Being a kid isn’t easy business. Adolescents and teens face new challenges and social pressures often. Not to mention, their growing bodies are changing rapidly, which may cause feelings of sadness or frustration due to the hormonal changes associated with puberty.
Add to that the COVID-19 pandemic, which has cancelled many of our kids’ favorite summer pastimes and vacation plans, and has changed the way they socialize with friends.
With all of these stressors on your child’s life, it can be difficult to tell whether he’s suffering from typical teenage blues or something more.
“Stress is the main factor when it comes to anxiety and depression,” said Dr. Steven Jewell, director of Akron Children’s Division of Pediatric Psychiatry and Psychology. “Take anyone and put them under enough stress and they’re going to get sick in response to it.”
In this day and age, anxiety and depression are not uncommon for adolescents and teens. In 2017, 13 percent of kids aged 12-17 in this country reported experiencing at least one major depressive episode in the last year, up from 8 percent in 2007, according to a Pew Research Center analysis.
Depression can occur at any age, but teens can be more susceptible. Significant life-changing events can trigger depression, such as the death of a loved one, a parents’ divorce, a move to a new area or even a breakup with a girlfriend or boyfriend.
For some teens, it can start without an outside influence. Depression and other mental illnesses tend to run in families.
“It’s crucial to know the significance of your child’s sadness because depression can potentially be a fatal illness — suicide has become prevalent in the last 5 to 10 years,” said Dr. Jewell. “Every child gets depressed occasionally. It’s a normal part of life. The question is when should I be worried?”
Typical teenage blues vs. depression
A good rule of thumb to determine whether a child is suffering from typical teenage moodiness or something more is to look at how they’re feeling is affecting daily functioning in school, and peer and family relationships.
If you notice a drop in your child’s grades, or he stopped hanging out with his good buddies or is now spending most of his time in his room away from the family, there’s cause for concern.
“If the depression reaches that level of significant dysfunction in 1 or 2 of these areas or exhibits multiple warning signs, it could be a disorder and it’s best to seek help,” said Dr. Jewell. “If your child is moody and is feeling down, but they are still doing what they normally would do on a daily basis, it’s probably just a bad mood.”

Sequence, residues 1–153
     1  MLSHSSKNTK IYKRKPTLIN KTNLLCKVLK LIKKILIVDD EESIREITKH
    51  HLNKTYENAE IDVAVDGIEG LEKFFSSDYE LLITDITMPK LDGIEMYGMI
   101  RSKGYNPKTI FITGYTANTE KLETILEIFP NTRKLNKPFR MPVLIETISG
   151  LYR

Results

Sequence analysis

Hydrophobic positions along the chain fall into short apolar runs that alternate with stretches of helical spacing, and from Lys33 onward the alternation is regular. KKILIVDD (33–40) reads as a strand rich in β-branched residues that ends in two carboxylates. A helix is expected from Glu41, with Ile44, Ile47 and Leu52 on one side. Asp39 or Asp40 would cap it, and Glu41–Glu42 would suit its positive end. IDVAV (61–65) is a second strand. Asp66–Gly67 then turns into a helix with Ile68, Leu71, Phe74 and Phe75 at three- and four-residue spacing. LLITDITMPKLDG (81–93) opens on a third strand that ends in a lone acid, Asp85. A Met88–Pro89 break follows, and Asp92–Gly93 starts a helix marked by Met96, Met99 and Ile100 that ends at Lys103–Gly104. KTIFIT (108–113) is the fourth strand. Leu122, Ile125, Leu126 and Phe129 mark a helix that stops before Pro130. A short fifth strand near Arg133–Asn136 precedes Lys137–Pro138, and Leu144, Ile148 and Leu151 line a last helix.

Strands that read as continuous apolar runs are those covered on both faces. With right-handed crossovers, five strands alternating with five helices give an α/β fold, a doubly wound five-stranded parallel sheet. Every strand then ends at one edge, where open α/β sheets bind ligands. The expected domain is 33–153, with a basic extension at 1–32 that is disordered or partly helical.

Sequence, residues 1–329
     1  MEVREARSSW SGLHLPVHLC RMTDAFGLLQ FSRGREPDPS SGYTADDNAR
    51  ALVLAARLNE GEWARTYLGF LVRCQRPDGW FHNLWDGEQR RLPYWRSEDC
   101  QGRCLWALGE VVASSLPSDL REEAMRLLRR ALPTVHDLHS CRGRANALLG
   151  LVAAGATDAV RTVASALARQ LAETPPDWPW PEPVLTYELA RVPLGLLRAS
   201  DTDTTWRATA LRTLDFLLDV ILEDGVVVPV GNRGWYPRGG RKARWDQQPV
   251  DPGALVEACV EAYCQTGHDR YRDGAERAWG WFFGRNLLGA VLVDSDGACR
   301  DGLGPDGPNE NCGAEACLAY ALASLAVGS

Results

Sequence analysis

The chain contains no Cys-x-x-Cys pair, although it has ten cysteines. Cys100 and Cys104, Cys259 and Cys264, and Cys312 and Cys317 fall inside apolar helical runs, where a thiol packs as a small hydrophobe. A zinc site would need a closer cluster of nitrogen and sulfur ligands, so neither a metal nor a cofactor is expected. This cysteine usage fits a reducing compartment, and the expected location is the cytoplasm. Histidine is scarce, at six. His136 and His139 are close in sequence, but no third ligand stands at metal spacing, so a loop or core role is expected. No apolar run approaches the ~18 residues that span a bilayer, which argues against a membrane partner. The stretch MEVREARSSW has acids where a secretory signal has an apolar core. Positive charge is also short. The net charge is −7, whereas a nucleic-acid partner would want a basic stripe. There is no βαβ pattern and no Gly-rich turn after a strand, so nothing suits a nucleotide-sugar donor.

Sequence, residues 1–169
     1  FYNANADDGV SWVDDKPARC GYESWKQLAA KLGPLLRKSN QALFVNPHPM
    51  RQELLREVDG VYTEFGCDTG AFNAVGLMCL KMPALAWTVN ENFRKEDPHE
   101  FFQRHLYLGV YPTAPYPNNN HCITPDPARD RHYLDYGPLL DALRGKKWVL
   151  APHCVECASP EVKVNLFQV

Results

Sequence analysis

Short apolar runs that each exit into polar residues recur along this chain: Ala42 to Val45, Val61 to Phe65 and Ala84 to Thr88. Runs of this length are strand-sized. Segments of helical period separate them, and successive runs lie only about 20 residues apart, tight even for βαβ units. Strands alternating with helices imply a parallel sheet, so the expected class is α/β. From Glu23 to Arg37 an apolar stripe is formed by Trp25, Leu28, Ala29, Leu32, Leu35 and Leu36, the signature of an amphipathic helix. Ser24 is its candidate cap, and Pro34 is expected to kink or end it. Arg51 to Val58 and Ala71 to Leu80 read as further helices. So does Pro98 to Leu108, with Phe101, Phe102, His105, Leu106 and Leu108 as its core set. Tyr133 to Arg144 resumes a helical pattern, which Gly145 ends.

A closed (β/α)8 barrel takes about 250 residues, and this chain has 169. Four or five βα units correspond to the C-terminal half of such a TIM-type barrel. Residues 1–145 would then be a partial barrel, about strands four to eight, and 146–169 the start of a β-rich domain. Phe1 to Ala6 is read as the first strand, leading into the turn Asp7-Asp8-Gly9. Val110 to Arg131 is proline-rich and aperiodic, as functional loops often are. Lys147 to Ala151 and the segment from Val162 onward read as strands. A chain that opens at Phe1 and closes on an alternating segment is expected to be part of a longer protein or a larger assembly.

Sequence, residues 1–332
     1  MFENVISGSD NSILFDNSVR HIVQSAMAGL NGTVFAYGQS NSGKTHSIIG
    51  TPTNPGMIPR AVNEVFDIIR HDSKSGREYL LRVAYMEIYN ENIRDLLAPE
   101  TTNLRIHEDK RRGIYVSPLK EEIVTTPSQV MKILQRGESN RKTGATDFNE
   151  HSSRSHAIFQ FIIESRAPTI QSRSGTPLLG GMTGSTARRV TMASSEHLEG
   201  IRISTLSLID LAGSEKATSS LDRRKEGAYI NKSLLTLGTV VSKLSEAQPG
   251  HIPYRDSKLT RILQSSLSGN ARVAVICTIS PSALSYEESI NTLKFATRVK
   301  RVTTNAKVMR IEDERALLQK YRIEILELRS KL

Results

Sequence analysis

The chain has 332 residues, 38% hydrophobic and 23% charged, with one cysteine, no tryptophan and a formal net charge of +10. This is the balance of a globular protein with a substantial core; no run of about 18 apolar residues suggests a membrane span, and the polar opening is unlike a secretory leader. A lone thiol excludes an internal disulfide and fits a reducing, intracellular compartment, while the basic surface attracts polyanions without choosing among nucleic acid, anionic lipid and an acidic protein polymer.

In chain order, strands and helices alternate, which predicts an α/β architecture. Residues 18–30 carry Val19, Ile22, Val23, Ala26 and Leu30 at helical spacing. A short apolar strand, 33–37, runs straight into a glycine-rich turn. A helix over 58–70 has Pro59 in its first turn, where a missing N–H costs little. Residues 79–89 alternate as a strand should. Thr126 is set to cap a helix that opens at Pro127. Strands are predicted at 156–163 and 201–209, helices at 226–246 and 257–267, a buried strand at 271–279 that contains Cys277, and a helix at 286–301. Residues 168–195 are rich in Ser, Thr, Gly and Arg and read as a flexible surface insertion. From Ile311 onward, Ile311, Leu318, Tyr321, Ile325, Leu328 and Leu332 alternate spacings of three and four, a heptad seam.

A teen who’s sad or moody will still enjoy going out with friends or a favorite activity. One who is depressed won’t.
Other warning signs of depression include:
- Increased or persistent irritability
- Changes in sleep habits or appetite
- Persistent helpless or hopeless attitude
- Gloomy moods that continue for 2 weeks without improvement
- Lack of motivation or energy
- Abrupt changes in behavior, including withdrawal from activities or extreme hyperactivity
- Dramatic changes in grooming
- Low self-esteem or suicidal thoughts
- Spending more time alone than usual
- Unusually erratic or impulsive behavior
- Fits of crying
What parents can do to help
Talk to your child about what’s going on in his life, without making him feel there’s something wrong with him or that he’s in trouble. Be supportive and honest, and keep the lines of communication open.
If you think your child may be suffering from anxiety or depression, don’t wait to get help. Seeking treatment at the first sign of a problem can be more effective and prevent problems later in a child’s life.
It’s best to start with your child’s pediatrician. Most pediatricians are sensitive to mental issues and have the screening tools to identify depression. They also have the resources to best refer your child, if necessary.
“Early diagnosis and treatment can help your child overcome these issues,” said Dr. Jewell. “We can also help your child develop the coping skills he needs to face life’s challenges now and through adulthood.”
If you think your child may be suffering from anxiety or depression, call our appointment center at 330-543-2778. Many of our primary care offices have psychologists on-site.
Learn about the steps Akron Children’s Hospital is taking to keep you and your family safe during the pandemic.